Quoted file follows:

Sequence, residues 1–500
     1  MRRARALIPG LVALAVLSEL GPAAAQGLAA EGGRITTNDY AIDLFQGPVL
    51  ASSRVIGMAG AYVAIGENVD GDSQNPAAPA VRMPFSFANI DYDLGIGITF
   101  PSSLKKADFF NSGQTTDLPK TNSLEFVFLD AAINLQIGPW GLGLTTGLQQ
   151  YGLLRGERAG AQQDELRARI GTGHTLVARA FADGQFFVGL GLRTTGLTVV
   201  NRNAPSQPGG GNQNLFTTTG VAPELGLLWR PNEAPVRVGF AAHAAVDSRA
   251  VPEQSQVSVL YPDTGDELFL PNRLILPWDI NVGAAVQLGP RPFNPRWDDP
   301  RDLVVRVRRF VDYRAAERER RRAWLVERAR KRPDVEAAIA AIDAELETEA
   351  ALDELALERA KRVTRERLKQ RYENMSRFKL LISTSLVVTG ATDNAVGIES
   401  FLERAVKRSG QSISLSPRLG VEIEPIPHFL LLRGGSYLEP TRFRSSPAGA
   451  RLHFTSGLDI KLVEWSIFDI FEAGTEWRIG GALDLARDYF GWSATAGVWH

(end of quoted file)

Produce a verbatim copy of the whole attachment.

Sequence, residues 1–500
     1  MRRARALIPG LVALAVLSEL GPAAAQGLAA EGGRITTNDY AIDLFQGPVL
    51  ASSRVIGMAG AYVAIGENVD GDSQNPAAPA VRMPFSFANI DYDLGIGITF
   101  PSSLKKADFF NSGQTTDLPK TNSLEFVFLD AAINLQIGPW GLGLTTGLQQ
   151  YGLLRGERAG AQQDELRARI GTGHTLVARA FADGQFFVGL GLRTTGLTVV
   201  NRNAPSQPGG GNQNLFTTTG VAPELGLLWR PNEAPVRVGF AAHAAVDSRA
   251  VPEQSQVSVL YPDTGDELFL PNRLILPWDI NVGAAVQLGP RPFNPRWDDP
   301  RDLVVRVRRF VDYRAAERER RRAWLVERAR KRPDVEAAIA AIDAELETEA
   351  ALDELALERA KRVTRERLKQ RYENMSRFKL LISTSLVVTG ATDNAVGIES
   401  FLERAVKRSG QSISLSPRLG VEIEPIPHFL LLRGGSYLEP TRFRSSPAGA
   451  RLHFTSGLDI KLVEWSIFDI FEAGTEWRIG GALDLARDYF GWSATAGVWH